5 Things You Need to Know About Starting a Business

You might be seeing a lot more encouragement from social media to start a business these days. You might also have just been toying with the idea of owning your business without prompting from Instagram. That urge to be your own boss can be especially strong those days when your boss and coworkers are getting on your last nerve. You may be wondering how to start a small business or if it’s even worth it. There are many perks to owning a business. While it may not be for everybody, if you do decide to give being your own boss a try, it’s worth going in with some hard truths. That’s why we’ve compiled our list of 5 things you need to know about starting a business.


1. Business plans are still important

You may have a million and one ideas inside your head, they all seem viable and you’re already visualizing retiring early. However, when you take the time to write out your business plan, you’ll not only see the viability of your business but also answer some tough questions. It forces you to answer questions that will not only inform where and how you market your business but you’ll be forced to consider how much this business will take to start and run. If you weren’t a business major in school and have no idea where to start, don’t worry. You can start out with our simple business plan called The Roadmap to Business Success Business Plan. This 5-page pdf template is a great tool for anyone looking to brainstorm and start their business.




2. You may end up working more than 40 hours a week


Many of us fantasize about the flexibility that often accompanies the idea of entrepreneurship. You may see your entrepreneurial friends posting themselves at the beach on a random Tuesday afternoon while you’re falling asleep at your desk. It’s true, people on social media make owning a business look like a day at the beach but that’s not the reality. The truth is, especially in the beginning, many solopreneurs or small business owners end up working an excess of 40 hours per week. There’s just a lot of work to do sometimes. Solopreneurs typically end up being the accountant, the social media manager, the copywriter, and everything else in between. For some people, they can’t hire a team yet because they can’t afford it.


Before you feel discouraged, flexibility can be achieved, and remember there are grants available (free money). In addition to that, there are a number of online software that makes running a business, especially by yourself, much easier. For example, Quickbooks is an accounting software that allows you to manage payroll, invoices and track expenses in one place. You can access them through our affiliate link where you get 55% of Quickbooks for three months.


3. Getting a mentor will put you miles ahead of the competition.

We already did a lengthy blog post on mentorship and its importance that you can check out here. However, to reiterate, a good mentor will share not only valuable industry knowledge with you but can also be a source of valuable connections. You can get mentors by asking around, reaching out to them on social media or by joining SCORE. SCORE is a nonprofit organization filled with volunteers ready and willing to be your mentors. It’s completely free so give it a try, what do you have to lose?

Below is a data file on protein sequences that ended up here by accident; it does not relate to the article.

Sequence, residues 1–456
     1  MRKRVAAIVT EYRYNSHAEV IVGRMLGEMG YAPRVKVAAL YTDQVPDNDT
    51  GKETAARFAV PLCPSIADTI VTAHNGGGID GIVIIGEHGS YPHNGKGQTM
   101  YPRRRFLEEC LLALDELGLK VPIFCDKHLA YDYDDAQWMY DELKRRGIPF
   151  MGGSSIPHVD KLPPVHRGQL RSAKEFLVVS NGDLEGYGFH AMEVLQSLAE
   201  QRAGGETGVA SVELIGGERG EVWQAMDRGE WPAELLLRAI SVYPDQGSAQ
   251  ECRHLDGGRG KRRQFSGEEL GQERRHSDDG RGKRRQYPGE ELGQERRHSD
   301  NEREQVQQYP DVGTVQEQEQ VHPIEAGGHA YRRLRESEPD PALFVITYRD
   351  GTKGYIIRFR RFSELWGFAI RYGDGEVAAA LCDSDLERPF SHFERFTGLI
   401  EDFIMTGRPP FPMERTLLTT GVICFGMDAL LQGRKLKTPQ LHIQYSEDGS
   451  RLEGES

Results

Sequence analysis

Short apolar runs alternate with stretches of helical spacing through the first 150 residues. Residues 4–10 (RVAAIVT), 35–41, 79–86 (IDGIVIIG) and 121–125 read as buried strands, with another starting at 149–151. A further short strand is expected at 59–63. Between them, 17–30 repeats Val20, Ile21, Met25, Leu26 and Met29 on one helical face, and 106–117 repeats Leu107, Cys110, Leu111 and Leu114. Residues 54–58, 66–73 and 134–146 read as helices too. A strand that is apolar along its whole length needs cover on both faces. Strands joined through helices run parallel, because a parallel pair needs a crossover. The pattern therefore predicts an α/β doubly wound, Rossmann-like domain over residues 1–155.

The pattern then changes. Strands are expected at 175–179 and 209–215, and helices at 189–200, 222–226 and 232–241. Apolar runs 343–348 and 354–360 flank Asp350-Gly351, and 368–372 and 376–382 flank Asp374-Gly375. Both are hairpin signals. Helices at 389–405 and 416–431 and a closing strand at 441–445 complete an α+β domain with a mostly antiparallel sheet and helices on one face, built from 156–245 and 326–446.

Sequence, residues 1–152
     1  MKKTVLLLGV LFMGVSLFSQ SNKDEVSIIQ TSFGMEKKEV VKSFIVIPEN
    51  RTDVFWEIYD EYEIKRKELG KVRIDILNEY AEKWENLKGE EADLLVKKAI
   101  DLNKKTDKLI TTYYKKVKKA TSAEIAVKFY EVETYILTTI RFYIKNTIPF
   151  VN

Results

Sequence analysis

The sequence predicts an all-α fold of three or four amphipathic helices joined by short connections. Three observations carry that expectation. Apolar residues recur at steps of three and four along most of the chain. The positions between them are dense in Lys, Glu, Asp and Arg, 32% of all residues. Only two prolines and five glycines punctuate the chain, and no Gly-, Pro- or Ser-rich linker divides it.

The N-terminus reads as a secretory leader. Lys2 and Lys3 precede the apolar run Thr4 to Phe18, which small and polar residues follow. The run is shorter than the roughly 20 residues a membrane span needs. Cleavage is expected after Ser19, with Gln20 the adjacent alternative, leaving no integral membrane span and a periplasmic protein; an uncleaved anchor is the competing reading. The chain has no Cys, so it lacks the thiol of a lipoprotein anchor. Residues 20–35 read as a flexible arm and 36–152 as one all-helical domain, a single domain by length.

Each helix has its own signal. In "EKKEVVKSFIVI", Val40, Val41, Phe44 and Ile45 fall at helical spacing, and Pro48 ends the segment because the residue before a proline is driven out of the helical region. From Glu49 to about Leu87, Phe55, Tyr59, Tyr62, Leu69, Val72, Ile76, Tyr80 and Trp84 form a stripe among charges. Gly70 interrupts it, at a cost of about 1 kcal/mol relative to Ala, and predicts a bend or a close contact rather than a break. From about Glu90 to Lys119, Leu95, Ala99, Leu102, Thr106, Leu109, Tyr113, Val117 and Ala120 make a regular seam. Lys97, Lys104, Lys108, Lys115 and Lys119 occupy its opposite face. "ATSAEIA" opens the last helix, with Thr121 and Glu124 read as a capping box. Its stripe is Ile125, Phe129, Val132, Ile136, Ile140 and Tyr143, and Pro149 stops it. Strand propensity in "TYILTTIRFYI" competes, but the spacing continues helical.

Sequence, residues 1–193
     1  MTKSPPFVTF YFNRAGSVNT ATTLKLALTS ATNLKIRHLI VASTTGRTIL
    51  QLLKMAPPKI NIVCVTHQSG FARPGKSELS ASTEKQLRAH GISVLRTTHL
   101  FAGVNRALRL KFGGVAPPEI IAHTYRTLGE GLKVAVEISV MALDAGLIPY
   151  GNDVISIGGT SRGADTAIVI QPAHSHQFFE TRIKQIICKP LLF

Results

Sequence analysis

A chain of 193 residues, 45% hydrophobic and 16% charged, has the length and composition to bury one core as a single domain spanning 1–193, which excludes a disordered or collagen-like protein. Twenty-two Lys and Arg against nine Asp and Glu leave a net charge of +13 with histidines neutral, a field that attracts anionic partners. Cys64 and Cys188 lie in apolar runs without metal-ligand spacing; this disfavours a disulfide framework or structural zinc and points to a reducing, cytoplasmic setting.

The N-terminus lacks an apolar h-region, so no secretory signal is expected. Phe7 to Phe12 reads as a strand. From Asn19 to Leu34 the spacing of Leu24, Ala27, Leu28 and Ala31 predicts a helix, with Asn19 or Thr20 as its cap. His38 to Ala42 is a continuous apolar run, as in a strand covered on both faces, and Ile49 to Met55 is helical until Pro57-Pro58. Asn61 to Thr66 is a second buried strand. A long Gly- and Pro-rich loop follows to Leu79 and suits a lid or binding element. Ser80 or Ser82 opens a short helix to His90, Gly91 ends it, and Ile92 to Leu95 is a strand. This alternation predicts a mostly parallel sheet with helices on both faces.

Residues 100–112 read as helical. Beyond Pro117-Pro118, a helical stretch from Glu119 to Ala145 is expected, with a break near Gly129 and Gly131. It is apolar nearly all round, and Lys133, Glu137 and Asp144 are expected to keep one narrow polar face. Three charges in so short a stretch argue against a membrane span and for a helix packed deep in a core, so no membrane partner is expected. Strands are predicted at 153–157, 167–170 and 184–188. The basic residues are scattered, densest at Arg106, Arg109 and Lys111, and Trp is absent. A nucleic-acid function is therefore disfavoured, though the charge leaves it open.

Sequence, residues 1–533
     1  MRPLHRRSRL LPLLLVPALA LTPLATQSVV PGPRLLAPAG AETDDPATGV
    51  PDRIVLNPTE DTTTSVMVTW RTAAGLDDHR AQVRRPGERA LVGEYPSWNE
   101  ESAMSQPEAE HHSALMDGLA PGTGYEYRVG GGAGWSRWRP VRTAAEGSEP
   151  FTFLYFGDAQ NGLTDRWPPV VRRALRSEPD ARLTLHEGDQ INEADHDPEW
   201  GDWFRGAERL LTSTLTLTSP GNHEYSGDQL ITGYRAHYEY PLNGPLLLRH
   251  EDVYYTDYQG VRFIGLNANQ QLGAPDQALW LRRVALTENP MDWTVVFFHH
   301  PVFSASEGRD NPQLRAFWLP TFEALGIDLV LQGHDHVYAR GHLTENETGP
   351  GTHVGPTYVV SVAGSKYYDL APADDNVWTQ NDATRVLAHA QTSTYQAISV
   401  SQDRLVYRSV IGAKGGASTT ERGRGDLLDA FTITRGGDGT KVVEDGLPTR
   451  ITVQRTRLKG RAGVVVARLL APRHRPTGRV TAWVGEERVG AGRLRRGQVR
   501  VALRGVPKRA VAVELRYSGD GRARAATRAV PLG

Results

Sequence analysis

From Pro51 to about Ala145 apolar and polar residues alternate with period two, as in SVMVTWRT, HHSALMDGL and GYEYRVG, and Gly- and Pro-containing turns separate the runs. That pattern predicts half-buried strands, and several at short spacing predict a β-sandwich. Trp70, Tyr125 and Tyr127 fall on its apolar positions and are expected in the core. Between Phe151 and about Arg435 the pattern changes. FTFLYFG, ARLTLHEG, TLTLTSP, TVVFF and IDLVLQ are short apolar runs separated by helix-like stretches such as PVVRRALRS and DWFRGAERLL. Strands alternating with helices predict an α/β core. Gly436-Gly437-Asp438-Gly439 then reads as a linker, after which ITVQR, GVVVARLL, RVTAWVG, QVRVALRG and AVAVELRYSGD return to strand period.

4. You’ll have to find a source of motivation

At work, you’re probably kept on a tight schedule or have someone hold you accountable. You also probably have a set time that you have to get to work. When you own your own business, there isn’t always a set time to start your day or someone micromanaging you. You’ll have to be disciplined and motivated to get the job done.


Your source of motivation when you start your business can be your ‘why’. Why did you or do you want to start this business? It’s worth writing it down and keeping it somewhere that you’ll see. It will get you through the rough days.



5. You don’t need to quit your 9-5 yet…..or ever

There is lots of talk on social media about quitting your day job and we can see why. People crave flexibility, jobs they actually care about, more time with their friends and family and the ability to earn more. However, maybe you don’t need to quit your 9-5. You may find that your business is better suited as a side hustle and not something you want to jump into full time. In addition to that, starting a business often requires money, you can use your 9-5 to fund your business or pad your savings account. If you do decide to take the leap and run your own business full time, sometimes the business won’t be profitable right out the gate. Therefore, saving up from your 9-5 can help you weather those rough periods.


In addition to that, you can use your 9-5 to continue making connections and sharpening your skills. Your 9-5 may seem totally unrelated and irrelevant to the business idea that you have however a lot of the skills can be transferable. For example, your people skills that you’re perfecting at work can help make the customer service and team leading at your own business impeccable.


At the end of the day, the choice is yours. Just make sure you do it because you want to and not because social media told you to.


Being a woman in business will have its own unique challenges especially if you’re a minority. However, don’t forget there is a community of people like us at She Boss Talk, rooting for you. We have tons of resources and information that you’ll find helpful so if you want to start a business sis do it!

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